Any of those explanations sound reasonable, but none of them touch that nigh-physical sensation of belonging I mentioned. Standing on the “green and pleasant land” of William Blake’s poem felt… right. The trees, rocks, and dirt felt right. The skies looked right, even when they opened up and dumped a bucket of gusty London rain on me, destroying two umbrellas in five minutes’ time. It was unnerving, and numinous, and utterly joyful.
Walk (Un)like an EgyptianIt wasn’t entirely a numinous and joyful trip, though. One of the more curious moments of my British Isles sojourn put that experience of belonging into a broader context, which was both uniquely educational and distinctly unpleasant.
While in London, I visited the British Museum. If you ever have the opportunity to do so, take it. It’s an amazing experience.
On the map above, to the left of the central Great Court on the main floor, you’ll see a long room in red. That’s the main body of the Egyptian exhibit. I’m told there are a lot of amazing artefacts in that room. There were certainly a lot of things there, but I couldn’t tell anything about them, because I was in the room for less than a minute. I walked into from the Great Court with a companion, and came to an abrupt standstill in the center (about where the little white “4” is) for about ten seconds. Then I turned to my companion, said “Nope!” and kept on walking to the blue room further to left.
I don’t claim any great powers of clairsentience or psychic sensitivity. All I can tell you is that there were a lot of artefacts in that big, drafty room. A lot of those artefacts had spirits associated with them. And every single one of those spirits was pissed about being there.
It was a dissonant, nerve-wracking experience to be strolling through the museum, feeling that sense of belonging—utterly at home and at peace on that land—and walk into a room full of spirits who had been stolen from their homes, spirits who were alien to that land and most definitely not at peace. These were spirits rooted in Kemet, in the soil and history of Egypt, and they’d been uprooted and abducted to this cold, drafty country, put on display for tourists with cameras and audio-tour headphones. They didn’t belong there, and they didn’t want to be there.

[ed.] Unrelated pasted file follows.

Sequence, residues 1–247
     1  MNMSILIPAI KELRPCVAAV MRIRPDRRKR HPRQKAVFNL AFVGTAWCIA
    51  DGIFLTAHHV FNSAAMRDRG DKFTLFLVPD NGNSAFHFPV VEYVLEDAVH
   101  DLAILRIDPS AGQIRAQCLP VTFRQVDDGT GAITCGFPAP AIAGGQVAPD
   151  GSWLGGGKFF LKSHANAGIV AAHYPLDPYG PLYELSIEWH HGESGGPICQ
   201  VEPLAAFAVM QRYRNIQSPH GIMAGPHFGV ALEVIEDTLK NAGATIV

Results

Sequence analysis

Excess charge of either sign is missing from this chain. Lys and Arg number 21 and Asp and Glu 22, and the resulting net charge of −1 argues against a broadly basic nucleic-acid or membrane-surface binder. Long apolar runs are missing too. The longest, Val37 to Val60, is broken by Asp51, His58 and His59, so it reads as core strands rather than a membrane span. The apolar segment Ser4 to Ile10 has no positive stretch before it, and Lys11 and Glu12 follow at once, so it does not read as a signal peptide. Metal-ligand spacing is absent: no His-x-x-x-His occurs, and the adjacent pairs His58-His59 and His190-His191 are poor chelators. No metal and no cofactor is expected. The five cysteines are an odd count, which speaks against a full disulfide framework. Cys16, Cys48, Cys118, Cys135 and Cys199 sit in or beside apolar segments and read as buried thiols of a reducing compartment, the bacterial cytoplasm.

I went and looked at the Sutton Hoo treasures instead. Much more soothing. Nothing in that exhibit snarled in anger, accused me of theft, or brooded over wrongs both ancient and modern.
That moment in the Egyptian exhibit stayed with me. It drove home some uncomfortable points about English history and cultural imperialism… which, in turn, underscored some uncomfortable things about American culture—which, after all, derives in great part from English history and culture—and our own ghastly history of cultural imperialism. It gave me a lot of food for thought about belonging, and what it meant for cultures and spirits, human and otherwise, to exist in relation to place.
More on that anon. Until next time, dear ones, be safe. ♥
- “What issues?” you ask. Okay, this’ll probably wind up as a longer piece, but the short version is that in my understanding, gnosis—experiential spiritual knowledge—is always a personal experience. After all, experience is subjective. As such, the reflexive framing of “personal gnosis,” especially in the context of the popular Pagan phrase “unsubstantiated personal gnosis,” seems more like a way to undermine the validity of someone’s spiritual experience than a legitimate form of taxonomy.